Climate change has been described by many as the greatest threat facing mankind. But whilst the basic principle of looking after our planet should be universally acceptable, climate change and the drive towards Net-Zero has become a fiercely debated, often divisive political issue. As world leaders, activists and businesses continue to make their cases for how best to deal with climate change, research by Deloitte and others has, at least, shown that sustainability is now one of the most important considerations taken into account by consumers when purchasing products.

In this blog, we look at some of the key intellectual property (IP) rights and regimes which businesses can benefit from, in order to protect and promote their eco-friendly products.

Whilst many businesses are, actually, doing their bit to reduce emissions and improve sustainability (e.g., by developing more exclusively vegan products, using recyclable / biodegradable packaging, and generating their own energy), the unfortunate reality is that some businesses have simply jumped on what they see as a populist bandwagon and are marketing products as "green friendly", without the basis for doing so. This practise, known as "Greenwashing", is the use of false, misleading or unsubstantiated claims about the environmental efficacy of a product or service.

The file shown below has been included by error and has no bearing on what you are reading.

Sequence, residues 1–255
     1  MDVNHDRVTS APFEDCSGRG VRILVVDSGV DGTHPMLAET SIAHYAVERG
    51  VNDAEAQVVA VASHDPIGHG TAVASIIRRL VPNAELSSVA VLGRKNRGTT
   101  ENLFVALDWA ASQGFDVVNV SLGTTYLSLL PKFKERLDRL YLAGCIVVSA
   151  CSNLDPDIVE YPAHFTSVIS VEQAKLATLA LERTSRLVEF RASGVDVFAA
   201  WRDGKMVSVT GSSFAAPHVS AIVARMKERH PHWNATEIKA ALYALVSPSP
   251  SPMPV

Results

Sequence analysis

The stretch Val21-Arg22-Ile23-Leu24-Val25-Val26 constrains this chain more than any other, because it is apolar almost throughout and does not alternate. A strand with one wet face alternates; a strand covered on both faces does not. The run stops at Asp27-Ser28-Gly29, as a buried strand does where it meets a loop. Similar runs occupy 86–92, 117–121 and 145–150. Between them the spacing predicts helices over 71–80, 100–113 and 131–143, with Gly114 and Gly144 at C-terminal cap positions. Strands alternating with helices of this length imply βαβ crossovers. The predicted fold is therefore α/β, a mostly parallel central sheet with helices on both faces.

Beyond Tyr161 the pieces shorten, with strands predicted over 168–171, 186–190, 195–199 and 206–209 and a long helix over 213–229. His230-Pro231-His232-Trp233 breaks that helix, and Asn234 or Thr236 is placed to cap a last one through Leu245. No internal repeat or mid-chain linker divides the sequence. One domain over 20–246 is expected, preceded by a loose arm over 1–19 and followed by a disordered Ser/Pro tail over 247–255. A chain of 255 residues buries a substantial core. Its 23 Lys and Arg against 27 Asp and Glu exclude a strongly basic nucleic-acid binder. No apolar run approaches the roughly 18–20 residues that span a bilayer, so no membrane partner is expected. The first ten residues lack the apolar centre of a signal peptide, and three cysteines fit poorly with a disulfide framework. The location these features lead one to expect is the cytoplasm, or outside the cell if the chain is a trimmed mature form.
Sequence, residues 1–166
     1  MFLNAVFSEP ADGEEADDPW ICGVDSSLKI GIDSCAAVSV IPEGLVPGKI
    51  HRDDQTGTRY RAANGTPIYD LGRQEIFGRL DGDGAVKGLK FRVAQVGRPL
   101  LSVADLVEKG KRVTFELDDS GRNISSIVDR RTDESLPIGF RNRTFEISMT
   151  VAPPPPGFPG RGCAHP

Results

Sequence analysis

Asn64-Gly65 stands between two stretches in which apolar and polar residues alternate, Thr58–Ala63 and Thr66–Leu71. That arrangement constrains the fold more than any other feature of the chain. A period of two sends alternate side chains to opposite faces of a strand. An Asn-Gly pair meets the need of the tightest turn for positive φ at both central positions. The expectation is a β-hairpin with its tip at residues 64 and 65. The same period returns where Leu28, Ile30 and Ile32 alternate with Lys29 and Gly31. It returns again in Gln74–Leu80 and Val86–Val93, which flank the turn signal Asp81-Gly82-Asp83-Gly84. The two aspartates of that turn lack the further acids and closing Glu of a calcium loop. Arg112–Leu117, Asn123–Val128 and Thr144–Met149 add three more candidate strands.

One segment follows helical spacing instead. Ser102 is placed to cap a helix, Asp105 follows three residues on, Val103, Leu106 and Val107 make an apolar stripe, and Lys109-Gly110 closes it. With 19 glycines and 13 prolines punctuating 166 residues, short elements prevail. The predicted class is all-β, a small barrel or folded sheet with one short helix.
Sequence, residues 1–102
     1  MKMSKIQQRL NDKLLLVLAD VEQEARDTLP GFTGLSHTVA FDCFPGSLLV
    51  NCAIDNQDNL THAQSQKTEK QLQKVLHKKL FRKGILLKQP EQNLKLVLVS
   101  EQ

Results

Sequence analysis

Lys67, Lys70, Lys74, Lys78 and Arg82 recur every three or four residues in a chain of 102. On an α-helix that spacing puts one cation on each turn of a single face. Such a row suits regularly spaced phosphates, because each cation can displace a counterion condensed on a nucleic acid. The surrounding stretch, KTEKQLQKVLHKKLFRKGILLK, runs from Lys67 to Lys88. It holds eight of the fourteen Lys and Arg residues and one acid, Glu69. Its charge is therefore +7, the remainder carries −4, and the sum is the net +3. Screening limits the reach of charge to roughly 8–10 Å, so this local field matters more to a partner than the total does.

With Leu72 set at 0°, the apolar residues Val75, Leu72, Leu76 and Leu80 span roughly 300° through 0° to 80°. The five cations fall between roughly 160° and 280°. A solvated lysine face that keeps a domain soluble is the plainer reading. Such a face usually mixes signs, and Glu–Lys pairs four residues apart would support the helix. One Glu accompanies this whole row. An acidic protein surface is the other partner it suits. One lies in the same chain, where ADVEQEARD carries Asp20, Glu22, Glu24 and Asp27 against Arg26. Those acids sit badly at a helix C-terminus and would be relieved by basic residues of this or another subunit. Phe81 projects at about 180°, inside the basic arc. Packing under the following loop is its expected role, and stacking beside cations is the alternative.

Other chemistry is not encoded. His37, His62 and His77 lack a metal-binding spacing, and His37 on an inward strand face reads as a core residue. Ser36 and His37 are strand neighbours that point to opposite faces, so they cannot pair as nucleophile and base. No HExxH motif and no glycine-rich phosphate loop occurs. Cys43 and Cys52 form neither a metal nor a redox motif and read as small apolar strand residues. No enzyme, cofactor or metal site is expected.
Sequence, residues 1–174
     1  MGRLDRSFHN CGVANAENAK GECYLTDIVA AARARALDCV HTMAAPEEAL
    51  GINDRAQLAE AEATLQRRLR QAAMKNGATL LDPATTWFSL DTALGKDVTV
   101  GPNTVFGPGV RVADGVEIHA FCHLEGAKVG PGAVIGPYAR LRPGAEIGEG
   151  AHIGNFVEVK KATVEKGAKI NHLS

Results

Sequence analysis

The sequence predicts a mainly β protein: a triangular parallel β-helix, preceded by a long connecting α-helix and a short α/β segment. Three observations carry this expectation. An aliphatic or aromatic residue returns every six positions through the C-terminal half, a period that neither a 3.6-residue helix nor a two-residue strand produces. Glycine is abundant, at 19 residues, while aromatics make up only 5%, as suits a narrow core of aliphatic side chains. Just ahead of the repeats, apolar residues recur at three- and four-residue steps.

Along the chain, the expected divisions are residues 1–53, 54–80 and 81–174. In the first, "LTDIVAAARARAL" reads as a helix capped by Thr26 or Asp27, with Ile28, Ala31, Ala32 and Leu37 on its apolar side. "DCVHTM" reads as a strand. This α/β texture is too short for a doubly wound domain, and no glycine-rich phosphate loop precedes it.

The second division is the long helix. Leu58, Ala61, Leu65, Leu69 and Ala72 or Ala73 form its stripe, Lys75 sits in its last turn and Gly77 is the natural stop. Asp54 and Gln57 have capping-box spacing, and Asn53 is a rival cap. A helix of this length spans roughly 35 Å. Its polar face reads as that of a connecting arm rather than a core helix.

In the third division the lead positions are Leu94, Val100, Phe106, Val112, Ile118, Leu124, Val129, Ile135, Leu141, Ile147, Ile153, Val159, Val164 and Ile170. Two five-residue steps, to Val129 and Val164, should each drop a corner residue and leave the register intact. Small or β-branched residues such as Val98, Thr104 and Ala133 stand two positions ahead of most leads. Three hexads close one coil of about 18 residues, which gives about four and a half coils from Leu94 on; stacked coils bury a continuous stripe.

Eco-friendly Patents - The Green Channel

In 2009, the UK Intellectual Property Office ("UKIPO") introduced a patent scheme known as the Green Channel. This mechanism allows patent applicants to request the accelerated processing of their applications if the invention they are filing for has an environmental benefit. This service is free to use, but the applicant must request it. This can be done by filing a written request indicating how the invention or technology is environmentally friendly.

So, what is involved and what are the benefits?

  • According to the UKIPO, if the environmental benefits of the invention or technology are obvious from the face of the application, the UKIPO will not conduct any further analysis or detailed investigation. However, if the green benefits of the invention are not immediately apparent, the applicant may be asked to provide an additional explanation. The UKIPO will refuse requests which are clearly unfounded (i.e., inventions which, by their very nature, are not eco-friendly).
  • An applicant can request the acceleration of any aspect of the patenting process; this allows for an application to be fast-tracked to the grant stage or, if more advantageous, the applicant to receive the Patent Examiner's opinion earlier in the process. The latter would provide applicants a better insight into the likelihood of their patent being granted and allow them to tailor the application as required.
  • Fast-tracking a patent application via the Green Channel may also be beneficial if an applicant is seeking patent protection in other countries, as it would allow them to benefit from the Patent Prosecution Highway Program. This global scheme allows applicants to request the acceleration of their patent application in member territories if their application has already been deemed allowable by another member (e.g., the UKIPO).

So, if you are an inventor or have developed (or are developing) a piece of technology which meets the criteria for patent protection, and your invention or technology has genuine environmental benefits, the Green Channel scheme is open to you and could significantly reduce the (otherwise often lengthy) time it takes for your application to be granted - with applications granting in less than one year in some cases.

Green Trade Marks